Unfortunately, some people can’t stop at just one or two drinks. Too much alcohol can result in serious health consequences. Heavy alcohol intake can damage the liver, causing cirrhosis, a fatal disease. Excessive drinking also can raise blood pressure and damage the heart, and is linked to many different cancers, including mouth, esophagus, breast, prostate, and colorectal cancers. The health risks are even greater for those who not only drink but smoke as
Pot may not have a chilling-out, calming effect on everyone — evidence is emerging that for some people, smoking marijuana could increase the risk of heart problems, doctors say.
In a new study, researchers used data from a database called the French Addictovigilance Network, gathered from 2006 to 2010. Of the nearly 2,000 reported complications related to marijuana, the researchers found that 2 percent, or 35 cases, involved heart problems. These cases included 20 people who suffered a heart attack, and nine who died.
Researchers found most patients were men, with an average age of about 34. Regular marijuana users with a family history of heart disease had an increased risk of heart disease, according to the study, published today (April 23) in the Journal of the American Heart Association.
Many of the patients also had other risk factors for heart disease, such as smoking tobacco and drinking alcohol, the researchers noted. Nevertheless, nearly half of the patients were regular users of only marijuana.
Researchers also found a small increase in heart problems over time. In 2006, only 1.1 percent of the reported complications were heart related, but that rate increased to 3.6 percent
Around half of end-stage liver disease cases, also known as liver cirrhosis, are caused by alcohol.
Overall, liver cirrhosis is the 10th biggest killer in the US.
Science already has an understanding of how alcohol can directly impact the liver’s health; the metabolic products of the breakdown of alcohol are toxic to the liver.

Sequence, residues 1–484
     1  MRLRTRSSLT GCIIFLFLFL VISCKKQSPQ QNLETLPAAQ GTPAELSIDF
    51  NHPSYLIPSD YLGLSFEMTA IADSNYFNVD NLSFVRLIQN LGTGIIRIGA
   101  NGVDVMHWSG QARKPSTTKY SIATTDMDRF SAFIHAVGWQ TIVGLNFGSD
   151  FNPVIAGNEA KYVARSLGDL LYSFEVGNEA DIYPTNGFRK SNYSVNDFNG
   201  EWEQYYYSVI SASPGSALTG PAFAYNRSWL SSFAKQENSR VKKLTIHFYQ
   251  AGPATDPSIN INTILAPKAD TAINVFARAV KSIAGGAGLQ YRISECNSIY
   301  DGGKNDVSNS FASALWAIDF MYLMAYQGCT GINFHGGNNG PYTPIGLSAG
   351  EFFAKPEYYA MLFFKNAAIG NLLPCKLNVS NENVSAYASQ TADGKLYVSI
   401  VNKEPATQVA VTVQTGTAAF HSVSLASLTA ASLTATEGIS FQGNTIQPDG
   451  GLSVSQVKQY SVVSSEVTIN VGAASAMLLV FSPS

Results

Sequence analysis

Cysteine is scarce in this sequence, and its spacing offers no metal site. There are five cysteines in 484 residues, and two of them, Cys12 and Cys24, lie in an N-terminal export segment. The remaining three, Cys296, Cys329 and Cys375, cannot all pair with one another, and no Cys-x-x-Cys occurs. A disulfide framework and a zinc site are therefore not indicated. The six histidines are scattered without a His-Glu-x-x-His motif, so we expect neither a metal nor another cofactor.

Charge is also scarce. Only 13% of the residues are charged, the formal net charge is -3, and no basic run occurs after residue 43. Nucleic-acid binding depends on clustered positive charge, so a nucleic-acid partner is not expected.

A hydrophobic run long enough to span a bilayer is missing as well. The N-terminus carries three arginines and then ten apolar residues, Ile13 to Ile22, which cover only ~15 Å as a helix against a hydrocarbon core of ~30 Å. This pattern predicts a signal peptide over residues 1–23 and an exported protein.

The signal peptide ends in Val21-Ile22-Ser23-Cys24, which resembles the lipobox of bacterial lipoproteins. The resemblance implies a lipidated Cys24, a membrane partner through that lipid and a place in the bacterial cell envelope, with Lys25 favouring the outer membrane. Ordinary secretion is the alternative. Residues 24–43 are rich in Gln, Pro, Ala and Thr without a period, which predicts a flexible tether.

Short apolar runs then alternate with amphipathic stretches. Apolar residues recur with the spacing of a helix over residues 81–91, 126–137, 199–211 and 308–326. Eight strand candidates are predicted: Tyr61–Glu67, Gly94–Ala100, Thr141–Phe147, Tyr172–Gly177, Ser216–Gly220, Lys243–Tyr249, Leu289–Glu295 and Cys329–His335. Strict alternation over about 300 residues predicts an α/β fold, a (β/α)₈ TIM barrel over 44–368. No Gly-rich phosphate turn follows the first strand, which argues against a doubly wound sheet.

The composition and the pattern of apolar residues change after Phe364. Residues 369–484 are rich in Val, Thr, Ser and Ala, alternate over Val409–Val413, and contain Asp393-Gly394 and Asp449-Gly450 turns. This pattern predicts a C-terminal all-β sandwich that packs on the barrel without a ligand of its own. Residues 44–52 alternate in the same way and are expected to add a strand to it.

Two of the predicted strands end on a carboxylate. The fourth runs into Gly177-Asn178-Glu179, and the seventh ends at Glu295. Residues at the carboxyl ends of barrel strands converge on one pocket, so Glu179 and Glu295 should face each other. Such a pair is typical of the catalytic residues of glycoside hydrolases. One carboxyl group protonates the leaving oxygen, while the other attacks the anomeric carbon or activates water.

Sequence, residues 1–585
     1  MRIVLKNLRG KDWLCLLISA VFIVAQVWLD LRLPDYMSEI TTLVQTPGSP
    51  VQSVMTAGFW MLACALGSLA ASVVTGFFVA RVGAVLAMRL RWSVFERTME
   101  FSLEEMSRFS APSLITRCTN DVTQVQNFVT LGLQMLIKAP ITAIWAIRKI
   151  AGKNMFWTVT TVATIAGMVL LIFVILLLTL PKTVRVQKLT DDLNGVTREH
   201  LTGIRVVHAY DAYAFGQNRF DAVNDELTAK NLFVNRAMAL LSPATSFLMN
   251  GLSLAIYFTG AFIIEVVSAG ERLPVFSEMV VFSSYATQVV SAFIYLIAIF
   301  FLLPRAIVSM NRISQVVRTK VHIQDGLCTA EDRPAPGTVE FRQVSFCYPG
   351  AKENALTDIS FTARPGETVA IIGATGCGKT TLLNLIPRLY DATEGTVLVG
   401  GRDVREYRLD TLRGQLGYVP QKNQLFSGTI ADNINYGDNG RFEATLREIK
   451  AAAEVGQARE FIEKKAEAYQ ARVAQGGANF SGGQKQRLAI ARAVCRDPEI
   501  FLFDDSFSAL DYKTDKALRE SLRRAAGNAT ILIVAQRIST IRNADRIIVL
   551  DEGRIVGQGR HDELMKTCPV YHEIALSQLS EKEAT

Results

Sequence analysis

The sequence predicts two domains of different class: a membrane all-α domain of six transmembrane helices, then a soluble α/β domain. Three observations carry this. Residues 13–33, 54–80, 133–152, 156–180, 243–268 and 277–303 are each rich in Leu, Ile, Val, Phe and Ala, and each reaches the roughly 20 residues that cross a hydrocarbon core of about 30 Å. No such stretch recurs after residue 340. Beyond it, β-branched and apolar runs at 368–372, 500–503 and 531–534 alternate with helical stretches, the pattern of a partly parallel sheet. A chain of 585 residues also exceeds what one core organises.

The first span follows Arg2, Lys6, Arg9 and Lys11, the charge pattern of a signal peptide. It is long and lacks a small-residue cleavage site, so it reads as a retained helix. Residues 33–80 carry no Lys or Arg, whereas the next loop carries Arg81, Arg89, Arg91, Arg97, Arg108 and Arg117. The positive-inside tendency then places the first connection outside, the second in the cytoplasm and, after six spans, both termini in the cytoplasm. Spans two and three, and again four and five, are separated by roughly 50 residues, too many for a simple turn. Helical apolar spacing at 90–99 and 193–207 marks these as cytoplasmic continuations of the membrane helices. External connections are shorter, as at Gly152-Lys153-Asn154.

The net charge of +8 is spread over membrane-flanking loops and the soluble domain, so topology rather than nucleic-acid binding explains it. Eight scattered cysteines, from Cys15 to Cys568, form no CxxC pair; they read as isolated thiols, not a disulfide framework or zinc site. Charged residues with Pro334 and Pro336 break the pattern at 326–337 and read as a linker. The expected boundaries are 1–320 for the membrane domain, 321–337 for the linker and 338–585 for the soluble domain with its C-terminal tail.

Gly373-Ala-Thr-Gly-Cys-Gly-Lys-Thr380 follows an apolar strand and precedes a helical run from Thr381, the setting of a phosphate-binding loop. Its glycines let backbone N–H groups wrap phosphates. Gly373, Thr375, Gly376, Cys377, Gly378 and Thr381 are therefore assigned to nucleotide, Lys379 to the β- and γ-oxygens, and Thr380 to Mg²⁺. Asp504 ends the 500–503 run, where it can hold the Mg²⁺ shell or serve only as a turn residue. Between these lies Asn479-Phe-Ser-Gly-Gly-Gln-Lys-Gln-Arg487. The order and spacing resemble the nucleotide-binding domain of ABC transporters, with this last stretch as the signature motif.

Additionally, the inflammation that these secondary compounds produce can be harmful to the organ’s functioning.
New research published this week in Cell Host & Microbe shows how a secondary mechanism, involving bacteria in the gut, also plays a significant role in the liver’s downfall.
Dr. Bernd Schnabl and his team at the University of California found that alcohol can suppress antibacterial defense systems within the intestines, causing further damage to the liver.
Mouse guts, lectins and bacteria
REG3B and REG3G lectins are produced by specific cells of the intestinal wall and act as natural antibiotics. Chronic alcohol intake has been found to hinder the production of these proteins.
Reduction in REG3B and REG3G allows bacteria to replicate freely; they are also able to move through the intestinal wall with greater ease. Once on the other side
Marijuana is a combination of shredded leaves, stems and flower buds of the Cannabis sativa plant. Marijuana can be smoked, eaten, vaporized, brewed and even taken topically, but most people smoke it.
The intoxicating chemical in marijuana is tetrahydracannabinol, or THC. According to research from the Potency Monitoring Project, the average THC content of marijuana has soared from less than 1 percent in 1972, to 3 to 4 percent in the 1990s, to nearly 13 percent today. The increased potency makes it difficult to determine the short- and long-term effects of marijuana
How cannabis is consumed
In a 2010 National Survey on Drug Use and Health (NSDUH), 17.4 million people in the United States said they had used marijuana in the past month. According to the survey, marijuana is the most commonly used illegal drug. About 4 in 10 Americans have used marijuana at least once in their lives, according to the National Institutes of Health.